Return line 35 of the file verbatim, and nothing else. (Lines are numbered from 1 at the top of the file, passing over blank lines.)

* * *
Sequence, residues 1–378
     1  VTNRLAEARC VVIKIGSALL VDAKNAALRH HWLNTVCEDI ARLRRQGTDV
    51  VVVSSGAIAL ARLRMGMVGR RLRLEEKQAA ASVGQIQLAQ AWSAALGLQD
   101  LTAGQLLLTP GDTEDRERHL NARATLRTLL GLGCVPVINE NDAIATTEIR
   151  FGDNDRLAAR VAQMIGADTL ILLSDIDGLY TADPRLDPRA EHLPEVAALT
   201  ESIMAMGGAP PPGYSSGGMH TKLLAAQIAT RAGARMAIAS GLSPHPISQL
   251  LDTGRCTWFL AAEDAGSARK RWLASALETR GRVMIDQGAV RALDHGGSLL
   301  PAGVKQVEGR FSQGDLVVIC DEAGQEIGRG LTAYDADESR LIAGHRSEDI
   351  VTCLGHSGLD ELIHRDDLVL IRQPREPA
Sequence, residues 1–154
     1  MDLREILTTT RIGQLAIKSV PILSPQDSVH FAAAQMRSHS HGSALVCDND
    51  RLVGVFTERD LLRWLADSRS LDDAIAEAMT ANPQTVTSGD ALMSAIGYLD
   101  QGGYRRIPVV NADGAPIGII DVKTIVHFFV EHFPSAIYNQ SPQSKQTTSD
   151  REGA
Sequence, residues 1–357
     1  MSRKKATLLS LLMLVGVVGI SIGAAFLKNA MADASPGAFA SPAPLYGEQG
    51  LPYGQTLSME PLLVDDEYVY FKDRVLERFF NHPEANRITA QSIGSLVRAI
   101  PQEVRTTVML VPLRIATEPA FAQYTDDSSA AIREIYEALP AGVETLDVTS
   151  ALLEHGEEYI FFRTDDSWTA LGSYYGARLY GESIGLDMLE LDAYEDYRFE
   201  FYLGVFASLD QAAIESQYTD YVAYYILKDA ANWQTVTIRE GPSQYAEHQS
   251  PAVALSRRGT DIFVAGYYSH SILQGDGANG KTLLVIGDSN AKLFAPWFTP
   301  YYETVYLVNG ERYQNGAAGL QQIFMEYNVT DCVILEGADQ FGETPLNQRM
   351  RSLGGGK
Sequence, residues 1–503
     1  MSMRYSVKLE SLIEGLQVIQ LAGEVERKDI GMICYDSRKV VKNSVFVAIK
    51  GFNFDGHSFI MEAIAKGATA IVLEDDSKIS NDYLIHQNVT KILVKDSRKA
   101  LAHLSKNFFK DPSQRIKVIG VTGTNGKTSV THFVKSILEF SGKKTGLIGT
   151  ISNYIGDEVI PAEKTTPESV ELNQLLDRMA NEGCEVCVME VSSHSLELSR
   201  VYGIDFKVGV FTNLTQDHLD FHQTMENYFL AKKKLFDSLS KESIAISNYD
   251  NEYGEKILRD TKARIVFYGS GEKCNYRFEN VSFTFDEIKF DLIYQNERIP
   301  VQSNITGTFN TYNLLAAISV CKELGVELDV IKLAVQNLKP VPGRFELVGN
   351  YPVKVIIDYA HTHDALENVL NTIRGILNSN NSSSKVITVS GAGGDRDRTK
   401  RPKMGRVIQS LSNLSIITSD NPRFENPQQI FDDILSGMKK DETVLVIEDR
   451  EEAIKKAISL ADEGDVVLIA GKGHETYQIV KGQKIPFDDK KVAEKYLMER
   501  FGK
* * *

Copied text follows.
   501  FGK